The sobering fact that India does not rank high in the Global Illicit Trade Environment Index (GITEI), an annual study brought out by The Economist Intelligence Unit and needs to take corrective action to bring down the risks of illicit trade raise troubling concerns for policymakers. According to the index based on four parameters — Government policy; supply and demand; customs environment and transparency and trade — India ranks 49 globally and nine, in the Asia Pacific-rankings which we can most certainly improve.
In the context of the growing menace of illicit trade worldwide, the World Economic Forum (WEF) estimates the global market of illicit trade to be about $3 trillion by 2022. It has been pointed out by the WEF that while everybody does express concern, the response to this problem has been disorganised and leaves a lot to be desired.
The need of the hour today, as brought out at the sixth edition of MASCRADE (Movement Against Smuggled and Counterfeit Trade), conducted under the aegis of FICCI’s Committee Against Smuggling and Counterfeiting Activities Destroying the Economy (CASCADE), is to proactively and conscientiously address the many issues exacerbating the state of the global problem of illicit trade and understand its visible outcome and measurable impacts. There is also an immediate need for harnessing the potential of multilateralism through inter-governmental actions and of effective monitoring and inspection of Free Trade Zones (FTZs) to ensure legitimate trade flows so that FTZs do not become “hotspots”’ for illicit trade and organised crime.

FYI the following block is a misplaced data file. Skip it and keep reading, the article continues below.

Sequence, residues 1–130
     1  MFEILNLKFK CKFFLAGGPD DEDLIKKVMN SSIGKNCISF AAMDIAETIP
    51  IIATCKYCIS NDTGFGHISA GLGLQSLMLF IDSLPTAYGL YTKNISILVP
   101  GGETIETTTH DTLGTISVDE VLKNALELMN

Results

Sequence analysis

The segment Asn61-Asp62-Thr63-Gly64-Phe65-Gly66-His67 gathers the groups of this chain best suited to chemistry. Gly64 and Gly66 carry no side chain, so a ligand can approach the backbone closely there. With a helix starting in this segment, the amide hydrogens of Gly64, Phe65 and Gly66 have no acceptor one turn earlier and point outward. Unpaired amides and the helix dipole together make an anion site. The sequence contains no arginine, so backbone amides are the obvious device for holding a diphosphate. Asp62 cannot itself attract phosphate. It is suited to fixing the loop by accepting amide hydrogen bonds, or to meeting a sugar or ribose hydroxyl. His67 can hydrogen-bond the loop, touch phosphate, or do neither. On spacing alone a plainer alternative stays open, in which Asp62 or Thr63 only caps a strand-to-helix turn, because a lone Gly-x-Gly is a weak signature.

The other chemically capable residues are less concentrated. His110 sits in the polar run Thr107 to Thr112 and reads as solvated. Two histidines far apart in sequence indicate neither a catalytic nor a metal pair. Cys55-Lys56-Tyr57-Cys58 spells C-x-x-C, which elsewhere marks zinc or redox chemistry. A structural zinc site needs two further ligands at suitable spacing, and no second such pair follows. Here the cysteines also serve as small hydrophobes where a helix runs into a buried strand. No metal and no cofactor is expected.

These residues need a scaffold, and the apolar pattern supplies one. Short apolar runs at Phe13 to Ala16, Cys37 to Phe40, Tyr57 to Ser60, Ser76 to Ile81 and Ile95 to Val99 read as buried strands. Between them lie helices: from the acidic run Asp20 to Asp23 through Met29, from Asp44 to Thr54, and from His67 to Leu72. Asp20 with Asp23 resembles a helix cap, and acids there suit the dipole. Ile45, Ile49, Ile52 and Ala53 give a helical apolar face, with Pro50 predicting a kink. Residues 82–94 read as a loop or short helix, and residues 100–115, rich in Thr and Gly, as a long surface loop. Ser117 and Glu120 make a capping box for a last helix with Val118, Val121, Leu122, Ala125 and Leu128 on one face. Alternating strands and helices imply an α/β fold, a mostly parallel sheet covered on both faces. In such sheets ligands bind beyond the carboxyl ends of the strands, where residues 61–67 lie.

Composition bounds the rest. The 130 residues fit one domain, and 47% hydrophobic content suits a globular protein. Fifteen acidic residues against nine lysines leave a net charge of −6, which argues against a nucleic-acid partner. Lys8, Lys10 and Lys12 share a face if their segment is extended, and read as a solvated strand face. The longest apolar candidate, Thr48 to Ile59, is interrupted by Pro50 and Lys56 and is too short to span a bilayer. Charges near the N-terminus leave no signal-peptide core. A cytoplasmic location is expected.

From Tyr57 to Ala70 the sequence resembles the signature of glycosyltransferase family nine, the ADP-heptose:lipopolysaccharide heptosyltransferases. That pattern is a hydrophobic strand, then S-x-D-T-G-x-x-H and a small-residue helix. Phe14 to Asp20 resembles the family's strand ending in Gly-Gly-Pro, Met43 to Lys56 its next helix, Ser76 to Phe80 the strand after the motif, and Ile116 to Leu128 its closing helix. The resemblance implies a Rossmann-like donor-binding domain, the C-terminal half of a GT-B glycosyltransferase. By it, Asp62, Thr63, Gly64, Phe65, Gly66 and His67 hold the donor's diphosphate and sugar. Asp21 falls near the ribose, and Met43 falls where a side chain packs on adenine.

Countering the beast of illicit trade not only requires an understanding of and cooperation between institutions globally but also the designing of effective global strategies and improving the regulatory framework. Unfortunately, no country can claim to have eliminated the problem. Everybody has had varying degrees of success and all countries have paid a price. Trade in smuggling, contraband, counterfeit and pirated goods has risen steadily in the last few years and now stands at 3.3 per cent of global business. Hence, its existence and operation are broad in scope and large in value, impacting not only the global economy, causing losses to the industry, government and society but also adversely affecting the health and safety of consumers. Additionally, it is facilitating an underground economy and organised crime. Tragically, illicit operators display greater cooperation between each other across nations than what governmental institutions do, both within a country and across borders. It is imperative for countries to share experiences in order to understand the global dimensions of the illicit trade challenge so that a possible framework may be set up to tackle it. (MR, Inputs: Agencies).